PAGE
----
Long Range Radio – Better Asset Management for Asia’s Utilities

Asia’s utilities get a rapid return on their grid investment thanks to long radio technology.
Published: Tue 07 Apr 2015

Many utilities are beginning to understand the importance of managing their network infrastructure more effectively. With accurate data, they are able to monitor all their assets more effectively, enabling them to better predict how their network is performing and helping them to target future investments.

According to Adrian Flewitt, Vice President for Technical Sales in the EMEA and Asia Pacific Region, Sensus, who will be speaking at Asian Utility Week, networks that provide 99%-plus connectivity can be established very quickly enabling utilities to get a rapid return on their investment.

Benefits of Long Range Radio

Many utilities have trialled a range of communication technologies such as PLC, mesh and cellular network (used in a number of pilot projects in Asia specifically) in order to attain this but have found connectivity rates to be disappointing in particular for meters in difficult to reach places, explains Flewitt. He adds that these technologies are generally unable to offer sufficient reach, coverage and stable connectivity. However, the experience with long range radio has been significantly better, says Flewitt. “FlexNet is purpose-built for the utility network and is therefore becoming a more attractive option for them.”

He points out that long range radio uses significantly less radio infrastructure than other radio solutions which are targeted at utilities-typically less than 10% of the infrastructure required by low power solutions. This means that maintenance and security are much easier to manage, thereby ensuring a more reliable network service. The technology also has a built-in redundancy which protects utility traffic from single points of failure.

Long range radio provides two-way, resilient, secure utility grade telecoms infrastructure to help utilities manage their infrastructure from meter reading through to monitoring, in real time, their most critical assets. This single access technology can be economically deployed across wide areas including urban and rural. Long range radio can be deployed by utilizing existing telecoms infrastructure such as a subset of mobile phone towers, thereby ensuring a rapid wide area rollout. Base stations have ranges of up to 5km in urban areas and 20km in rural areas.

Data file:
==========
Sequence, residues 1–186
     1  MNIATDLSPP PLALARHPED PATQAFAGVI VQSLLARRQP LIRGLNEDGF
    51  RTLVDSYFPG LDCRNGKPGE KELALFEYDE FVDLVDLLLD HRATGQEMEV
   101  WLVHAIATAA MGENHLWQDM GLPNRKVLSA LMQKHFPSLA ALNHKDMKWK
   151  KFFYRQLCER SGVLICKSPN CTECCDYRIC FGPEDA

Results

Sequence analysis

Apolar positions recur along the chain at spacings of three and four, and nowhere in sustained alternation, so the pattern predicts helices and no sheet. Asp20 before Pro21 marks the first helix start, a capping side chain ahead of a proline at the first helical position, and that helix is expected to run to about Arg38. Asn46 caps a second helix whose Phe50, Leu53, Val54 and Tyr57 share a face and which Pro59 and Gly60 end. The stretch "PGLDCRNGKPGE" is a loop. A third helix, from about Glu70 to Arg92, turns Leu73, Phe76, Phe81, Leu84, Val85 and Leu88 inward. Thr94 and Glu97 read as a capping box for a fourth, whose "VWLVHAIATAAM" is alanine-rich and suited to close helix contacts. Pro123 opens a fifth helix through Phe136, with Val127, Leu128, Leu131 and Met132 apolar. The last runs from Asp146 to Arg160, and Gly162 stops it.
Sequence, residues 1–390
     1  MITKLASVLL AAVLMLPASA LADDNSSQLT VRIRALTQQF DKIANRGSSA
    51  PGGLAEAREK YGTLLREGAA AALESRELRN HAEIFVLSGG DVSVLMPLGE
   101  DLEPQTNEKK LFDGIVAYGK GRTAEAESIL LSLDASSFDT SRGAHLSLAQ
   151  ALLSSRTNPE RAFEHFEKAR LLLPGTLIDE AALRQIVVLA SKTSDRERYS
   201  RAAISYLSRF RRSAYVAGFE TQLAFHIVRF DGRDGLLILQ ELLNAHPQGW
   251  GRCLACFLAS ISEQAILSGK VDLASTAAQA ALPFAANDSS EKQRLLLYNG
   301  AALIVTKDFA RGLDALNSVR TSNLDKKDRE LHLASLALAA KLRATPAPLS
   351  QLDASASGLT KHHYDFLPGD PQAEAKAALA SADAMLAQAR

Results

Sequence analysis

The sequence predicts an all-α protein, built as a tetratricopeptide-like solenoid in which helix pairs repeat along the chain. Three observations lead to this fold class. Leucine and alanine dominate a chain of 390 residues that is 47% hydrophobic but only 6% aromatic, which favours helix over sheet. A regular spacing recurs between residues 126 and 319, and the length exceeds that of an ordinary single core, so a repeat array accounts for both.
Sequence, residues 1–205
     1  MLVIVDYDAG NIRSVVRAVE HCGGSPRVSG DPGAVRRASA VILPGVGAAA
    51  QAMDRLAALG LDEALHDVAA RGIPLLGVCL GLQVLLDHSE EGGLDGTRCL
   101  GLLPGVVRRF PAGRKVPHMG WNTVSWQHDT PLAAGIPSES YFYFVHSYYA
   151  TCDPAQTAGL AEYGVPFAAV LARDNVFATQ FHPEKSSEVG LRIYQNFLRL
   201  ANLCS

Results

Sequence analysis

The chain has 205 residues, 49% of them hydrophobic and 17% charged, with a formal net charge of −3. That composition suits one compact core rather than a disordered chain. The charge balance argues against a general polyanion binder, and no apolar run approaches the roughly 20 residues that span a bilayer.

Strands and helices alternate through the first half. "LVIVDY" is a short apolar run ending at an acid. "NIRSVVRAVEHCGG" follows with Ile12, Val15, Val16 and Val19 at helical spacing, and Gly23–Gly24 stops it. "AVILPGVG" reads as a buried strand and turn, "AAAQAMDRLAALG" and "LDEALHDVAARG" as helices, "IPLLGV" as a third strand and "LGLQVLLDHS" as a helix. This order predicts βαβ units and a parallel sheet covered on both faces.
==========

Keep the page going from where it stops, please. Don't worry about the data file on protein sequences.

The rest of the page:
Sensus’ expansion plans in Asia

Sensus has been active in Asia for over 30 years, with its focus mainly in the water meter business, both under its previous name of Meinecke, and now under the Sensus brand.

However, the next phase of the company’s continued growth in the region will focus on the introduction of its FlexNet long range radio solution to the region, explains Flewitt.

Sensus has already introduced its long range radio base stations in Japan and aims to have them live by the first half of this year. This forms part of a trial to demonstrate the effectiveness of the FlexNet connectivity spectrum for smart metering applications. The base stations will be installed in the Tokyo Bay area, which has a high density of multi-dwelling buildings.

Sensus hopes the study will persuade the government to use 280MHz for smart metering and smart grid applications. In essence, the solution will provide utilities with a dedicated channel to work in.

A trial has also been undertaken in Australia to demonstrate FlexNet’s long range radio benefits.

“During the past year, we have been building local teams in various countries such as Australia, Japan, Hong Kong, India and we will continue to expand.”

In addition to the expansion plans, Sensus is also exploring partnerships with the likes of systems integrators and smart meter manufacturers within the various countries.

“We see alliance with local partners as the key to developing business in Asia. Our aim is to provide a faster response in their local language,” says Flewitt.